You can also consider the following: If the signal of Nimtz passes the material barrier with a speed greater than c and this is observed from an inertial system which moves with high speed into the opposite direction, the moving observer will see that the signal leaves the material before it has entered it. - This is a very strong logical conflict.
     
  16. Jul 20, 2003 #15
    It's an interesting post but unfortunately not fully accredited as yet. The theory seems to depend on the cascading effect of photons travelling through a medium which would add up to a momentum which is faster than c.
     
    Last edited: Jul 20, 2003
  17. Jul 20, 2003 #16
    On Superluminal Propagation

    For the record, I, would like to point some articles which explain why SUPERLUMINAL TRANSMISSION does not violate Einstein causality (postulate of SR).

    I understand this is a controversial topic among reputable experts, but I share the opinion of these authors (who I happen to know and respect). Another expert who agrees with this interpretation of the results is, of course, Einstein.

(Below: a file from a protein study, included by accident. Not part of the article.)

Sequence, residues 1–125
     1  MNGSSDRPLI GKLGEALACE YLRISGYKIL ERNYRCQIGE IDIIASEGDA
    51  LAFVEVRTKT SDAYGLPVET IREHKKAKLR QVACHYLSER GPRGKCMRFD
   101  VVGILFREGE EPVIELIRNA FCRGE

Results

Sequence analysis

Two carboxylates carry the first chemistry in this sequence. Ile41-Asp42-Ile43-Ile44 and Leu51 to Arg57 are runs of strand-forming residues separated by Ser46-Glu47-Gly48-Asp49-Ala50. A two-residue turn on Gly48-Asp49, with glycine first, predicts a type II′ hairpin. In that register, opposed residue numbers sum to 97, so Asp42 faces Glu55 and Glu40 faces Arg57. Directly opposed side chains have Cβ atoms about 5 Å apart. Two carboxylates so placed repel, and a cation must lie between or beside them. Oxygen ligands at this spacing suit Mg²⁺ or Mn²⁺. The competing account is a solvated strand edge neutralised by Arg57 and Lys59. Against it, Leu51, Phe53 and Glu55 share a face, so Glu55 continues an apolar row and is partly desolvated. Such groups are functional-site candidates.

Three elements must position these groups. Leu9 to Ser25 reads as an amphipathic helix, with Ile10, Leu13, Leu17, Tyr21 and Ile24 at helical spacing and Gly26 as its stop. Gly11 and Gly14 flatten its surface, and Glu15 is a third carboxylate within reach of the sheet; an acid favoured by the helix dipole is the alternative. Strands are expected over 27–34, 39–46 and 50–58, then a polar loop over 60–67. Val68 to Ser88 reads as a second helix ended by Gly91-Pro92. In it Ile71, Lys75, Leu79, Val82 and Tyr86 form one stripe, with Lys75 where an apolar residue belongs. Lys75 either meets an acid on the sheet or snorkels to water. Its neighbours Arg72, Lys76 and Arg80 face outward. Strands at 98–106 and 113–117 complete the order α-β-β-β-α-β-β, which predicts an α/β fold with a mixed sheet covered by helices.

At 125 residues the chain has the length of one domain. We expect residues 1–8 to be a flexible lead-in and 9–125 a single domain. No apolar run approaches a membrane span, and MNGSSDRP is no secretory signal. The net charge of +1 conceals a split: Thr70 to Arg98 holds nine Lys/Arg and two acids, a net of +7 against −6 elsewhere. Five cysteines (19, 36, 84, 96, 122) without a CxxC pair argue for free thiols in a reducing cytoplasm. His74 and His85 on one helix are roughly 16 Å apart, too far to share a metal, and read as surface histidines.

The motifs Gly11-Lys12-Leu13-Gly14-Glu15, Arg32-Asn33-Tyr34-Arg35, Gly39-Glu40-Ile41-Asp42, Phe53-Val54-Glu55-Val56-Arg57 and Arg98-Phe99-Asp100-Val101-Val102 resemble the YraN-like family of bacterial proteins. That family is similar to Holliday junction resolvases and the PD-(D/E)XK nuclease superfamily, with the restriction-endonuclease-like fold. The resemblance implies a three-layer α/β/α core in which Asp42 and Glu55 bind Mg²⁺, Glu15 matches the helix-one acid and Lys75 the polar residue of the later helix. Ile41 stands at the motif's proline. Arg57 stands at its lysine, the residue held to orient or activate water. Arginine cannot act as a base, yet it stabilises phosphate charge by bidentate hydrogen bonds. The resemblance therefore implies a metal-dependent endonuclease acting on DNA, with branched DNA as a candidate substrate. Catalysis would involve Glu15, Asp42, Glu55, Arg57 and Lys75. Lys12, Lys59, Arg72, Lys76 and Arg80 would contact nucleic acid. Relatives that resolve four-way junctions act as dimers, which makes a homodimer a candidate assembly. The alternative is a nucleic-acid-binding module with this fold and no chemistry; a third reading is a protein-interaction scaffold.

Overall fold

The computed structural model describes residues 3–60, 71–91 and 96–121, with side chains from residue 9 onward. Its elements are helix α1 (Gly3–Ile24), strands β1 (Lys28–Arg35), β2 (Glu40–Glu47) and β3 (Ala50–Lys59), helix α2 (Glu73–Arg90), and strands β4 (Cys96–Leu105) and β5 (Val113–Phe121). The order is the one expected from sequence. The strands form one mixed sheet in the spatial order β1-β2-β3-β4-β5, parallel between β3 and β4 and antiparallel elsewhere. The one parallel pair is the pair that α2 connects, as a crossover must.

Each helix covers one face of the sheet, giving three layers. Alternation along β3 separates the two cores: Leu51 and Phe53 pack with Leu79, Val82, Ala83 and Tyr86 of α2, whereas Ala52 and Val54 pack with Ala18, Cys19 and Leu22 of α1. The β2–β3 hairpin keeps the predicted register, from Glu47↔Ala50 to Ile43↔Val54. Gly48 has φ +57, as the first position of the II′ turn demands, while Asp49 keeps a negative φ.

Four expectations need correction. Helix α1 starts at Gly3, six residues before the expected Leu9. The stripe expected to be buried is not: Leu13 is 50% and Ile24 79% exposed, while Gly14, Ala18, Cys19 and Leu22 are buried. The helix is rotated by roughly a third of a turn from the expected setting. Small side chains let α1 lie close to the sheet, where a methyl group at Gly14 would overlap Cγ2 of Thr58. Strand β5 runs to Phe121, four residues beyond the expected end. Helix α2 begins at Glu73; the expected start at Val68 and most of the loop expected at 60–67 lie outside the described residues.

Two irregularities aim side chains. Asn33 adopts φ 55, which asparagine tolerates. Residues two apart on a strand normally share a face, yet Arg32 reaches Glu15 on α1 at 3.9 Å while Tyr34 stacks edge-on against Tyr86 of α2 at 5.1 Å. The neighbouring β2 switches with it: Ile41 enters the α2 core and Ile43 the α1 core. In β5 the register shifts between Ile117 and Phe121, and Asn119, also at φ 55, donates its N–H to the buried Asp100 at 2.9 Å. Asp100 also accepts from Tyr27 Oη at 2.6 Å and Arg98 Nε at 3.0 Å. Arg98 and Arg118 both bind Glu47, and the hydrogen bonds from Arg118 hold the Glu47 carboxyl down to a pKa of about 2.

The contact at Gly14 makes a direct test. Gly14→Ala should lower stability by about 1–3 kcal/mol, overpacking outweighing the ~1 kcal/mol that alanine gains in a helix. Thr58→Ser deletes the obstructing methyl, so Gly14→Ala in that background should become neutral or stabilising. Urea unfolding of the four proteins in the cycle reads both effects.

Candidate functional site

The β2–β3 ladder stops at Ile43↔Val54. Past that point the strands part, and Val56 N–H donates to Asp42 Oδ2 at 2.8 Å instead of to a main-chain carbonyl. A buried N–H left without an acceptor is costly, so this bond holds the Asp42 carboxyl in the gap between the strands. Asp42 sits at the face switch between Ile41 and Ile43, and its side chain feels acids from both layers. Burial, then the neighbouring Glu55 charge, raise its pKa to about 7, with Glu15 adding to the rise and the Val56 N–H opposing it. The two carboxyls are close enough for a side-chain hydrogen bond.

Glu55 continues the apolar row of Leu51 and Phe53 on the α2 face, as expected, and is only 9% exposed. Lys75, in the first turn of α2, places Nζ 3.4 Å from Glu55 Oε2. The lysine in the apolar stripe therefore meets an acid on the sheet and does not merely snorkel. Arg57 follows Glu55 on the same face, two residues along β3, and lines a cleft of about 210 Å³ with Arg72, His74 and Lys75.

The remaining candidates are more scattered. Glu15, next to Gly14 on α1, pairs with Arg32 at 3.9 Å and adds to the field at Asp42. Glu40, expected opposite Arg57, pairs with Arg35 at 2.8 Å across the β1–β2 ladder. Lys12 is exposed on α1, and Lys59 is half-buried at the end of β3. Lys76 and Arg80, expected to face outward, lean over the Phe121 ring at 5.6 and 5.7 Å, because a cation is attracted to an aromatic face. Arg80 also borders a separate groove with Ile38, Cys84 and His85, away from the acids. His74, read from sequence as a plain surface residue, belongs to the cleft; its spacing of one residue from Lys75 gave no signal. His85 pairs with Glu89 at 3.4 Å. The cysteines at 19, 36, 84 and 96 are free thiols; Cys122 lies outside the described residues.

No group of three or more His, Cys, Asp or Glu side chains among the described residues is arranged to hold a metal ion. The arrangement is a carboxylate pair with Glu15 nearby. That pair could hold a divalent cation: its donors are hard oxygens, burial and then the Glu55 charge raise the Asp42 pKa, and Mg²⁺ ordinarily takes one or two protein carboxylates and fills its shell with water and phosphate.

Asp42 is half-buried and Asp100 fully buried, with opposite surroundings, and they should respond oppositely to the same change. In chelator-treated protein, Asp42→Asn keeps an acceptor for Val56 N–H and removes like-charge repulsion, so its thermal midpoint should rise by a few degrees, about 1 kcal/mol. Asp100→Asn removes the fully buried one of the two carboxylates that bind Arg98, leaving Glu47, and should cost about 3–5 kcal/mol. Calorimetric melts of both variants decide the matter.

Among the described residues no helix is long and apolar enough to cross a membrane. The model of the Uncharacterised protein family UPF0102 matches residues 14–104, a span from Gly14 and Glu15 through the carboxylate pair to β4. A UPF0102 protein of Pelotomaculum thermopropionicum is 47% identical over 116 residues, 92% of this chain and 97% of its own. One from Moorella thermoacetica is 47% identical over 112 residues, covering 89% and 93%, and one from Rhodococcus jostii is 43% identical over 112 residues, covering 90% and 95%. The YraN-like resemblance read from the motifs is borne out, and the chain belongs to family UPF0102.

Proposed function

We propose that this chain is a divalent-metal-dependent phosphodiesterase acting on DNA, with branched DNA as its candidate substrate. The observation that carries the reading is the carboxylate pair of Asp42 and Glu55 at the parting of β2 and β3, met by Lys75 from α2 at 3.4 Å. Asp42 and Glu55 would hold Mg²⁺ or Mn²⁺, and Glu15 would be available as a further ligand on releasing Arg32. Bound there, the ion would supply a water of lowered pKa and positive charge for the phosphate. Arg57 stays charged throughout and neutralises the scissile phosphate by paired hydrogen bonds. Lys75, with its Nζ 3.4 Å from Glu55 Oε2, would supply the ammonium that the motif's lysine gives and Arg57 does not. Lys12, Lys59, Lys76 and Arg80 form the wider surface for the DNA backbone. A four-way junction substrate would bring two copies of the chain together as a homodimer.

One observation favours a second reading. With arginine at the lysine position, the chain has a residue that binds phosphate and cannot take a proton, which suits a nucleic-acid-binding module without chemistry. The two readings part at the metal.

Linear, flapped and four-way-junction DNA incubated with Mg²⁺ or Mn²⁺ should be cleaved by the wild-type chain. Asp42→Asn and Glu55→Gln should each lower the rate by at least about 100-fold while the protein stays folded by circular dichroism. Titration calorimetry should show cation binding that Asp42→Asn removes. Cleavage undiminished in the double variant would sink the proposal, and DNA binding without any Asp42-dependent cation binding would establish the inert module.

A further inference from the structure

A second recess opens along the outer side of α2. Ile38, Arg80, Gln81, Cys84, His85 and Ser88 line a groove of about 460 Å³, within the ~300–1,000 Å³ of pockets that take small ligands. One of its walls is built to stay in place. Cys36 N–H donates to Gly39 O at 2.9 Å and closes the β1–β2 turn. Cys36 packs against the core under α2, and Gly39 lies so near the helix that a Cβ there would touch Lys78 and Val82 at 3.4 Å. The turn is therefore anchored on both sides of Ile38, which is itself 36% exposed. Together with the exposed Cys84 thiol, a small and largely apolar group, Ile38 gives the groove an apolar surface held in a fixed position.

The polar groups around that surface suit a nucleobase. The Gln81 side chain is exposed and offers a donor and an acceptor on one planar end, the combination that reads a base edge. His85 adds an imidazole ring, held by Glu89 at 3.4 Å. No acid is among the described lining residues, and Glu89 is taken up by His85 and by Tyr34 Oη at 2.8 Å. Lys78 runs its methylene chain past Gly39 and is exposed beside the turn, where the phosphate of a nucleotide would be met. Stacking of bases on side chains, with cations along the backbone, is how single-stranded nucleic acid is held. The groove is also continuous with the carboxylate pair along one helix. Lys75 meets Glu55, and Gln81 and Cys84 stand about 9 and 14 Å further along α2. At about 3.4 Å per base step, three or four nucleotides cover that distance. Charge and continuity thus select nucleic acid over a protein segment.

1.
    University of Toronto (currently)
    Prof. Mojahedi - AN ENGINEER

    + Demonstrated superluminal transmission - explicitly mentions that SR is NOT violated.
    + Explains why pulse-reshaping does not constitute faster than c information transmission

    REFERENCE: http://www.grc.nasa.gov/WWW/bpp/pdf/Mojahedi-JPC.pdf
    (see section V - Superluminal Velocities and Einstein Causality)


    2.
    (Quotes from)
    University of Toronto
    Prof. Steinberg - PHYSICIST

    + Refers to Ranfagni's microwave experiment. Explains that this experiment still demonstrates pulse reshaping.

    REFERENCE: http://focus.aps.org/story/v5/st23
     
  18. Jul 20, 2003 #17
    Quoting Albrecht

    Albrecht said:

    ----